What the %!X&! Does "Personalized Marketing" Really Mean?
Scott Eagle, CMO, Conversant
Have you noticed that there are a lot—and I mean a lot—of companies talking about personalized marketing? It's not surprising why. According to a recent survey conducted by Ad Perceptions (and underwritten by my company, 73% of agency and brand-side marketers agree that personalization represents the future of the industry. So now everyone wants to jump on the one-to-one train.
But if you look closely at all of the definitions of “personalized marketing” touted by marketers, it's evident that there are as many definitions as there are companies claiming to deliver on it. Unfortunately, many of those definitions fall far short of creating genuine individual relationships with people. Many just touch the surface of the value and magic of what a comprehensive, personalized program offers clients and consumers.
I'd like to offer up the following as a “no compromises” definition of personalized marketing—one that gets to the heart of what marketers really want:
A comprehensive, ongoing, one-to-one communications approach that individually calibrates brand messages and media based on known facts and predictions about the needs, interests, and behaviors of each person in a target audience
I'll admit that there's a lot going on in that statement, and that's because true personalized marketing has many essential elements. In my view it has seven “must haves.”
Individual user profiles and insight: You can't do one-to-one or personalized marketing without a rich user profile that helps you understand, reflect, and anticipate consumer needs. Personalized marketing is empowered by rich insight at an individual level, not broad segmentation “buckets.”
360-degree customer view: As a consumer profile for each individual is being developed, it needs to be informed by both online and offline behaviors. This is particularly true for retail, where customers may make some of their purchases online and some offline. Without understanding both sets of behaviors, you won't have the level of user insight necessary to create personalized moments of advertising serendipity that put the right products in front of each individual at the perfect time.
Ongoing one-to-one relationship: True personalized marketing is about creating ongoing relationships between each person and a brand. While making a sale to someone today is a fine thing, the true value of personalization comes to light when we not only please someone today, but also anticipate and reflect their changing needs and attitudes over time. That's one of the big ways that personalization yields fruit. It's through long-term understanding that we unlock the true value of personalized marketing.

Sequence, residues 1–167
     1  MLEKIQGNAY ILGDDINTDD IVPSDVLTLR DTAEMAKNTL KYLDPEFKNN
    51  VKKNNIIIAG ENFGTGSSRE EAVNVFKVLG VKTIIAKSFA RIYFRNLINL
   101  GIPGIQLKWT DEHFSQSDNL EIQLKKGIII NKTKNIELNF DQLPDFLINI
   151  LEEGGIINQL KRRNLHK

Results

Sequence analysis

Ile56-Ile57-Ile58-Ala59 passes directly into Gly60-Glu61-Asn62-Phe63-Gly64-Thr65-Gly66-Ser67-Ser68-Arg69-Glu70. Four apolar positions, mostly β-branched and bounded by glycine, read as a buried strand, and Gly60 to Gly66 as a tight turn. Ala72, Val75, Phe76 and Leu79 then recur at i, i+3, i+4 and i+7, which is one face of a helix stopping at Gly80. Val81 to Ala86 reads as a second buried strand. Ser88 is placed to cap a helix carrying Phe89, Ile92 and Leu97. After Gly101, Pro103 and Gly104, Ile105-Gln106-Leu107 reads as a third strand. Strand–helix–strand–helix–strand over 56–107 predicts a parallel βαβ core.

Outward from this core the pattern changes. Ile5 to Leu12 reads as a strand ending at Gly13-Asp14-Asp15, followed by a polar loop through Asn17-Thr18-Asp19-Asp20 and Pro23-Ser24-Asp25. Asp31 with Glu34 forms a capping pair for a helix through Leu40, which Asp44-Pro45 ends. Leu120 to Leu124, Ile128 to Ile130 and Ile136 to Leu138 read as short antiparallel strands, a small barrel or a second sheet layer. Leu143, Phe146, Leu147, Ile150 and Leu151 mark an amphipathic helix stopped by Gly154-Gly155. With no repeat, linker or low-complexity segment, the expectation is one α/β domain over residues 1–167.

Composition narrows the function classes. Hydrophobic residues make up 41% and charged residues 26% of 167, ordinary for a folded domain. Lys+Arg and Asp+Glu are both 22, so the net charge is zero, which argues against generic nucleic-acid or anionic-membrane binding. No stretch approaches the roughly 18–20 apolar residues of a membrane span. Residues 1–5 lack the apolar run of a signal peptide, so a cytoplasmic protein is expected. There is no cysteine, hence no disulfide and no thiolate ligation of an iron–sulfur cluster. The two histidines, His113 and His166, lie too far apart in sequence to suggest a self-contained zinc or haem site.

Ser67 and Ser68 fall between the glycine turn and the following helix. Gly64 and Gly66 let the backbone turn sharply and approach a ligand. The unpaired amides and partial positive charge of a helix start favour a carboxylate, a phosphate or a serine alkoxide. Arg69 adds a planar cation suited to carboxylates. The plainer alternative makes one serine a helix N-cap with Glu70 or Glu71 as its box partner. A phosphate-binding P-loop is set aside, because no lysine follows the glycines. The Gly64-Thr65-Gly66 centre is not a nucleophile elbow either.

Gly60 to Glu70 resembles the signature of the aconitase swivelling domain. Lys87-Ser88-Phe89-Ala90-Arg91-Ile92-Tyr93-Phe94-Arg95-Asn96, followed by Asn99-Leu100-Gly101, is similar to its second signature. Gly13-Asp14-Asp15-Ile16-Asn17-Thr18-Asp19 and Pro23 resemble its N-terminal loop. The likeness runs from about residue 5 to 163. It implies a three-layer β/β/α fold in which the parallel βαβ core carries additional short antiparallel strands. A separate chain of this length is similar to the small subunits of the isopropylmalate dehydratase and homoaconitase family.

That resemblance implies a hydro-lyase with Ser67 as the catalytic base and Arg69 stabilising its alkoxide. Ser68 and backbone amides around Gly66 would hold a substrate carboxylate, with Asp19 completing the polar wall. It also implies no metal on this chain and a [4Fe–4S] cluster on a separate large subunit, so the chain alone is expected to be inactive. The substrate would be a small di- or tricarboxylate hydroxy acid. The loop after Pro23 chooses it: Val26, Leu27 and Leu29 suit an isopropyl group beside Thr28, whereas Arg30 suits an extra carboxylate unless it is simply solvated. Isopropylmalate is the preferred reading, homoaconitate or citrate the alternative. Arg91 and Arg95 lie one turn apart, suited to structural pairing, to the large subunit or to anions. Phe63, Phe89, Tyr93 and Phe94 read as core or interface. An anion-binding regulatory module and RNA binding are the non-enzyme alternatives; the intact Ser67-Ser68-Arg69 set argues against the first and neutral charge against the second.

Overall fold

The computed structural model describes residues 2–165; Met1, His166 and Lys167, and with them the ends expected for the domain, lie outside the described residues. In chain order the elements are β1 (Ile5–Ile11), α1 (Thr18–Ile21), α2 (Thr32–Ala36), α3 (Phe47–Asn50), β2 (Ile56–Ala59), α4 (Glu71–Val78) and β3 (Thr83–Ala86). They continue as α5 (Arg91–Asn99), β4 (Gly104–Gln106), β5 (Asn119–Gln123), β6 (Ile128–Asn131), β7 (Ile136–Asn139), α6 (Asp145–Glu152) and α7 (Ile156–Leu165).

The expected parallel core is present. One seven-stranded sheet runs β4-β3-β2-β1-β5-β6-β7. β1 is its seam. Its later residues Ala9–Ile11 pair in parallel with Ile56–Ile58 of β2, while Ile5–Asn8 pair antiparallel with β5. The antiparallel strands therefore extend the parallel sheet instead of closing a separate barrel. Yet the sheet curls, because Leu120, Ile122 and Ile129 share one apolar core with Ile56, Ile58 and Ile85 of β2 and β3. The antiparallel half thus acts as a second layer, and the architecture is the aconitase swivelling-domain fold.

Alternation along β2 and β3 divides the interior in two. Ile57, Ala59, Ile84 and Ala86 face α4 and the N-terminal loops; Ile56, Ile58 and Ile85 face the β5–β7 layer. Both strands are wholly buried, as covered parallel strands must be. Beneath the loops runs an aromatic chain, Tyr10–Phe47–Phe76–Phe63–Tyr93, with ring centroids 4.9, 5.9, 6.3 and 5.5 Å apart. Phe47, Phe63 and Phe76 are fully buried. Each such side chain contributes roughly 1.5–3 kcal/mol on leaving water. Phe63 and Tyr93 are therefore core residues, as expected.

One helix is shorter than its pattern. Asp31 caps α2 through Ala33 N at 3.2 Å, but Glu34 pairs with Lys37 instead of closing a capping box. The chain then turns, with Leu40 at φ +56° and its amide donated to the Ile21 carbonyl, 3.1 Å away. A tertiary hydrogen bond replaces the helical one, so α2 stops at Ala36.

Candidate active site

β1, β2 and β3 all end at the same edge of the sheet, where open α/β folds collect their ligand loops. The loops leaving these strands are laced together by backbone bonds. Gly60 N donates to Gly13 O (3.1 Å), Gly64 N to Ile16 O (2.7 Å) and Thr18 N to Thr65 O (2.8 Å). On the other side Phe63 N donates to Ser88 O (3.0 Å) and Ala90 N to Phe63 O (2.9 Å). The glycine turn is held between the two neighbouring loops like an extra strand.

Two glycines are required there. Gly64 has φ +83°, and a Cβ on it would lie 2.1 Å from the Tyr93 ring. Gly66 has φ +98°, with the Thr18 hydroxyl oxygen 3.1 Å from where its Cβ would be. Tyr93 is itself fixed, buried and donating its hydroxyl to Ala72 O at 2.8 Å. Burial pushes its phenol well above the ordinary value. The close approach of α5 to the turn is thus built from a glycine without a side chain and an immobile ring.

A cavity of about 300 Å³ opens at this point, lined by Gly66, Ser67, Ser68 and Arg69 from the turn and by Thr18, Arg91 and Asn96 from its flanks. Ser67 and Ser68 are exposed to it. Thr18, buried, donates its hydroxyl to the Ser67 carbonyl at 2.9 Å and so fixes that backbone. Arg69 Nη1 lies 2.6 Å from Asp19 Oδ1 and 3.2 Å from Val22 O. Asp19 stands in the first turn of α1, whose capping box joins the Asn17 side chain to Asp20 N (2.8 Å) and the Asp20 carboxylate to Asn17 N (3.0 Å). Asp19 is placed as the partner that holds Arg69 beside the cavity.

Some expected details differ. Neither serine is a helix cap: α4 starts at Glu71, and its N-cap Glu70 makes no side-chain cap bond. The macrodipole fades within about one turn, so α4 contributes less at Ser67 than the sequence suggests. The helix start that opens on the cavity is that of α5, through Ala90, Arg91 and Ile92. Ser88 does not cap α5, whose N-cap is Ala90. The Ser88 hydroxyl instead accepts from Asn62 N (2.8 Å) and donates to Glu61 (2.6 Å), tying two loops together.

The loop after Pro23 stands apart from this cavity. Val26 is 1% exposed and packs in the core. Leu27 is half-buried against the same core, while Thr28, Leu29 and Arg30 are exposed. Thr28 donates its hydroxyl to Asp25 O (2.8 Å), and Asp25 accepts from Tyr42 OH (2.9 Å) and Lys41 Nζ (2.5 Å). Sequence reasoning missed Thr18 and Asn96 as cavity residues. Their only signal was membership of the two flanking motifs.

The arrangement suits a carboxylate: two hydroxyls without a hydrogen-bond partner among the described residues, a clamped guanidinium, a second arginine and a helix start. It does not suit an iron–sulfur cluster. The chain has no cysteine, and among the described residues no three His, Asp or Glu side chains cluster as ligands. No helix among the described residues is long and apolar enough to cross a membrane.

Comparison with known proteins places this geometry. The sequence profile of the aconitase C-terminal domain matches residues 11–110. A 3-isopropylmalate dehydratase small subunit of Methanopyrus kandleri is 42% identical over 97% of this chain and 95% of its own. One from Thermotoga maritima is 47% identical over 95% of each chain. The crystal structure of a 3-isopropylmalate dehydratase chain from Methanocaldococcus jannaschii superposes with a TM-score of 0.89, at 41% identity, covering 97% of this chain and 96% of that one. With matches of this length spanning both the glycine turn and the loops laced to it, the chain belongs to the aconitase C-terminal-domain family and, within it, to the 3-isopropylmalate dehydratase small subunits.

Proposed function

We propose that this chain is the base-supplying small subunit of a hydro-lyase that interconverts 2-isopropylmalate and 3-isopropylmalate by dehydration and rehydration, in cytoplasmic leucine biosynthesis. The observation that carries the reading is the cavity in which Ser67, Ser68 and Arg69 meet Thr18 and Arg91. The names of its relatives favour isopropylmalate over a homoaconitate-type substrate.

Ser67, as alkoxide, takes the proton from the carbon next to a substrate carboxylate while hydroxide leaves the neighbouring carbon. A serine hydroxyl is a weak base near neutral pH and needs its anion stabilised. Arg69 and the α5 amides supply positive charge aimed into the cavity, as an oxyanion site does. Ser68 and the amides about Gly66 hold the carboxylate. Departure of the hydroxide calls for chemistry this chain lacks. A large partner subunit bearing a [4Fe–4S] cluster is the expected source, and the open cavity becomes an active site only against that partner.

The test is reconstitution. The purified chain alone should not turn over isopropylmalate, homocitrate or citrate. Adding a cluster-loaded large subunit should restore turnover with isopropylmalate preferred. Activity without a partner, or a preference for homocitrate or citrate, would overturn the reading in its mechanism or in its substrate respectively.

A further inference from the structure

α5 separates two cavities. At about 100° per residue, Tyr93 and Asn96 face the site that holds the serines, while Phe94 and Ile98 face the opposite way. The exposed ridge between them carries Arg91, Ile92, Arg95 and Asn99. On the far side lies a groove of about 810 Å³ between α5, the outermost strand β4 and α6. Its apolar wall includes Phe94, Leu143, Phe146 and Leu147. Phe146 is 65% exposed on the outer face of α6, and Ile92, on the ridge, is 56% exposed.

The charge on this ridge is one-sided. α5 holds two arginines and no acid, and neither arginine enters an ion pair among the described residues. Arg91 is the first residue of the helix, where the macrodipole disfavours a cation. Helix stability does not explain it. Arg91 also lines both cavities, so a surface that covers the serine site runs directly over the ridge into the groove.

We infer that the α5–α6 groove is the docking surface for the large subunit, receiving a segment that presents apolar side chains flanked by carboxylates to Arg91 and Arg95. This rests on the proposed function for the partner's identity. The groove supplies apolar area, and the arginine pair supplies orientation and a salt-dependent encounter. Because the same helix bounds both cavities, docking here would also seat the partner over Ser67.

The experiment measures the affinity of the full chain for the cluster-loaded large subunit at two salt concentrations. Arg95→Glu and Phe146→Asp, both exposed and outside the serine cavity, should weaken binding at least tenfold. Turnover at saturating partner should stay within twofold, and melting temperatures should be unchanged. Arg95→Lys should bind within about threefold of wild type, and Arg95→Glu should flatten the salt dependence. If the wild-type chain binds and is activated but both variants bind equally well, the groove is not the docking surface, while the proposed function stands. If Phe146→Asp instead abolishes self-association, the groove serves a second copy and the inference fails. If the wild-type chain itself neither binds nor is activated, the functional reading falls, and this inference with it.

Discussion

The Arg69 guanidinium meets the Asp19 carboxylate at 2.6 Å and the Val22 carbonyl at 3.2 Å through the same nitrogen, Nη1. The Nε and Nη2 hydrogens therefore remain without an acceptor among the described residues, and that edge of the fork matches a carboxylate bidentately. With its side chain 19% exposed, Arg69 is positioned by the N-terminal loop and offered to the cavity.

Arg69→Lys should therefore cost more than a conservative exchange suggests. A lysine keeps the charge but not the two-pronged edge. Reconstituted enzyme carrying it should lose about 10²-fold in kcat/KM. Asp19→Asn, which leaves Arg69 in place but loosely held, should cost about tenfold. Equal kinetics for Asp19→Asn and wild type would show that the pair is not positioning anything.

Genuine personalized creative: Personalized marketing requires creative messages that are tightly aligned to individual user insights. Sticking someone's first name in a mass email isn't personalized marketing. Neither is a retargeting ad that shows someone a picture of the last item they viewed on a website. Rather, personalized marketing is about messages in which many aspects of communication are precisely calibrated to a user. Imagery, products, offers, and response mechanisms all attuned to the particular needs and habits of an individual. Thousands—hundreds of thousands—even millions of creative versions may be necessary to deliver appropriately personalized messages to all of your customers and prospects. By contrast, three different ads for three audience segments does not personalized marketing make. That is segmentation; and while valuable, it falls far short of the personalization standard.
Individualized delivery: Once you create a personalized creative message, it's critical that you have the technology and visibility to deliver that message to the particular user for which it was made. Sounds elementary, but while it's gotten progressively easier to reach all users or millions of users across digital, it's far more difficult to reach particular individuals—and do so on a timely basis and at the scale necessary to move the needle for a major brand.
Omnichannel reach: We live in a multi-device world, and to create personalized marketing we need to be able to reach an individual wherever and however they spend digital time. That means we need to be able to deliver the personalized message on any device at the precise moment of maximum individual receptivity. Connecting all of the devices someone uses to a single, anonymized consumer profile is tough stuff, but absolutely essential for “no compromises” personalized marketing.
Individualized media investment: Personalized marketing is ultimately about creating profitable individual relationships with your audience. To do that right, a brand needs to invest the right amount of money on each person. Every individual offers different annual potential revenue value for a business, so the amount of money invested to market to them should also vary. Thanks to exchange-based media brands can do just that. They can purchase the optimal mix and quantity of ads to reflect each person's potential business value.
Over the coming months you'll probably hear even more people talking about personalized marketing. Make sure they're using a definition that you agree with—one that ensures that your brand creates an ongoing personal relationship with every person in your vast target audience.
Scott Eagle is CMO of Conversant